OKLAHOMA CITY — A judge put a Chandler man on probation for two years Tuesday and fined him $1,500 after he expressed little remorse for breaching the U.S. Capitol on Jan. 6, 2021.
Tanner Bryce Sells, 26, was ordered to spend the first 90 days of his probation on home detention.
He also must pay $500 in restitution and complete 50 hours of community service.
"I do appreciate the fact that you're willing to stand up and accept judgment, but I'm not sure that you actually understand what the problem was when you just call it a mistake," U.S. District Judge Amy Berman Jackson said.
"And I'm not sure what to make of the fact that your lawyer said you aren't proud of your participation but you said nothing to me on that subject."
The judge conducted the hearing in federal court in Washington, D.C. Sells appeared with his attorney by videoconference from Oklahoma City.
He pleaded guilty in September to a misdemeanor, illegally demonstrating inside the U.S. Capitol. Among the evidence against him were videos he posted on Facebook.
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Sells spent a little more than five minutes inside the Capitol after hearing then-President Donald Trump speak at a rally, his attorney told the judge in a sentencing memo.
"He walked in. And he walked out," Assistant Federal Public Defender Kyle E. Wackenheim said Tuesday. "There's no talking. There's no chanting. There's no violence."
Sells had traveled to Washington, D.C., with members of his church to attend the rally.
"There's been a lot of people that's told me that I should come in here and apologize and show my remorse," Sells told the judge Tuesday.
"I have remorse for what I've done and all that. I made a mistake. But, in the same time, I'm …," he said, pausing.
"I'm a man of accountability," he continued. "And I'm willing to accept the mistakes that I made and accept your judgment in this."
Prosecutors had asked the judge to sentence Sells to 14 days' incarceration, followed by 36 months of probation and 60 hours of community service.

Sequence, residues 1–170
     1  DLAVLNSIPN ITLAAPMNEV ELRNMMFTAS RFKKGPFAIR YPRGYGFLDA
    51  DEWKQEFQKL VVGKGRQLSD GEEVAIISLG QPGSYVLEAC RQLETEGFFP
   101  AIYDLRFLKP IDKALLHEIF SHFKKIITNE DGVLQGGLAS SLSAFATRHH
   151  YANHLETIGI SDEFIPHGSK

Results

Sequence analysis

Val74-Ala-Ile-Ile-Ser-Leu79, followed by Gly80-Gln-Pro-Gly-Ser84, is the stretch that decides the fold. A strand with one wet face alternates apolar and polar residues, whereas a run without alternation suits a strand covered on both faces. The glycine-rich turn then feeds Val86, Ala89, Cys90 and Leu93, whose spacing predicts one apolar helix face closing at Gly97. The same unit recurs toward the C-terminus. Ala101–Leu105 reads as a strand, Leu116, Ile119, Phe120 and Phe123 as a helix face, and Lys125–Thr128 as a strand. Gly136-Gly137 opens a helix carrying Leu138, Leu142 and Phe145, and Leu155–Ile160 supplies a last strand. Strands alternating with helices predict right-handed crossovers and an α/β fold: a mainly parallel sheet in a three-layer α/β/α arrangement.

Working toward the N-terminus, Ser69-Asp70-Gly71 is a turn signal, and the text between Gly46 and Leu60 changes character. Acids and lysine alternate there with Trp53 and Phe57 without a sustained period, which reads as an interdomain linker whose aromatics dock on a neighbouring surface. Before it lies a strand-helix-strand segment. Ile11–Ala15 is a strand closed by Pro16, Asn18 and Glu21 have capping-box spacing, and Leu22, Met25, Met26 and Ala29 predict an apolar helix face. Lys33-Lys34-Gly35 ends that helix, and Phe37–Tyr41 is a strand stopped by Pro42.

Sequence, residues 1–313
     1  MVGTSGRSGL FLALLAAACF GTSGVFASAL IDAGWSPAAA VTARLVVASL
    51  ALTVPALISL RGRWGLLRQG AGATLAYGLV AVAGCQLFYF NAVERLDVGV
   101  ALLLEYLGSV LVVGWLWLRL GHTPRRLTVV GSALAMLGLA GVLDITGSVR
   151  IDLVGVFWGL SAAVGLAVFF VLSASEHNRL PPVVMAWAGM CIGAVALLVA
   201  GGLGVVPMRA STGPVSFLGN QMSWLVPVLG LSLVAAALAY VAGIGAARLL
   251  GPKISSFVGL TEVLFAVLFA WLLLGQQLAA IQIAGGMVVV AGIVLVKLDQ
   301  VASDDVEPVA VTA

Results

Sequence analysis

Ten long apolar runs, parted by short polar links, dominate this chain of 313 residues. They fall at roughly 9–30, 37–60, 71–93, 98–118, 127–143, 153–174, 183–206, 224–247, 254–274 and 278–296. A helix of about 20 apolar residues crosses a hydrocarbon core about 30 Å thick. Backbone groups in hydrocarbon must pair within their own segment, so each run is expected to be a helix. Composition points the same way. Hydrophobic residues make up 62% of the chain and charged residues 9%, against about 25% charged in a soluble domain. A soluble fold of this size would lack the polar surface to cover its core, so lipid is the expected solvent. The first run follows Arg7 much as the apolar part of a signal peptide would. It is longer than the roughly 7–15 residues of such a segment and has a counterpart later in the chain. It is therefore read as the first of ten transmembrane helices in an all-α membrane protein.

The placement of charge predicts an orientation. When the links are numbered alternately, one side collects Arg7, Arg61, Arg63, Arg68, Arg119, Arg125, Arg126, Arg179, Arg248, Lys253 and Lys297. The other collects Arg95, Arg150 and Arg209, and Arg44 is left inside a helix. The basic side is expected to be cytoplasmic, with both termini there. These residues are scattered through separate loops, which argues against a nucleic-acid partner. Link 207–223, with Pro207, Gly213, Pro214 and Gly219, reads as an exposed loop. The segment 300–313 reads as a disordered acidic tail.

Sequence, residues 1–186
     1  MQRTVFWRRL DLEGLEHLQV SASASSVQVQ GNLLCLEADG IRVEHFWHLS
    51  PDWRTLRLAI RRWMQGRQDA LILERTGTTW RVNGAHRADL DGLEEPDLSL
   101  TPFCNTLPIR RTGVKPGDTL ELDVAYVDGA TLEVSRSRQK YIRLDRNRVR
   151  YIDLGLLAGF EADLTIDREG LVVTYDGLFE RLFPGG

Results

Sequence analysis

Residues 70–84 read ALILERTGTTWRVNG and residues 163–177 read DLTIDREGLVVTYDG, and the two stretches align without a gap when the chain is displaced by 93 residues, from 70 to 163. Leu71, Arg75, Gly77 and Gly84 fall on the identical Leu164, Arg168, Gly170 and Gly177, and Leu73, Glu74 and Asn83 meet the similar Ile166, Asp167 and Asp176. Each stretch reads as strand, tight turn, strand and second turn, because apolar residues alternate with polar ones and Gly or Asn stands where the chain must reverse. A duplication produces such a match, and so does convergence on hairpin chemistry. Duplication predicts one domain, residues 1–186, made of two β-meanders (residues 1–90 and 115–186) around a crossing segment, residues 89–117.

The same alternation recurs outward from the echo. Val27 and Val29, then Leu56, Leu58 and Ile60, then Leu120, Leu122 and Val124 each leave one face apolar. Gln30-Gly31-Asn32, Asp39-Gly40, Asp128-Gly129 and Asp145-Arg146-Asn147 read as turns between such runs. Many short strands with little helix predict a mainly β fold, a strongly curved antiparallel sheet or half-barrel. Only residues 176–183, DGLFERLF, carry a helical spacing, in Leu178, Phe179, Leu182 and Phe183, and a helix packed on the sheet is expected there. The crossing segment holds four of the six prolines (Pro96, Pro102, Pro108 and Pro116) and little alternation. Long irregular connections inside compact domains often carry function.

His attorney had asked for probation for one year.
The judge scolded Sells while imposing the punishment.
"I do want to make something clear, Mr. Sells," she said. "You were not prosecuted and you are not sitting in front of me today because you exercised your First Amendment right.
"You pled guilty to a federal offense. You broke the law. You're not here today because you supported the former president. Millions of people voted for him and did not heed his call to descend on the nation's Capitol.
"And there are plenty of people who came to hear the speeches that still managed to control themselves from entering the building."
She told Sells he was a participant in a mass effort to subvert democracy.
"You contributed to the dangerousness. And you contributed to the devastation," she said. "And you helped prolong the period of time before the halls could be cleared and secured and Congress could resume doing the people's business."
Sells, who runs a construction business, is allowed to go to work while on home detention. He also is allowed to go to church and pick up and return his son.
Among those writing a letter of support on his behalf was state Rep. Kevin Wallace, R-Wellston.
The legislator asked the judge for "your compassion in this process." The judge indicated during the sentencing that she had read that letter and others.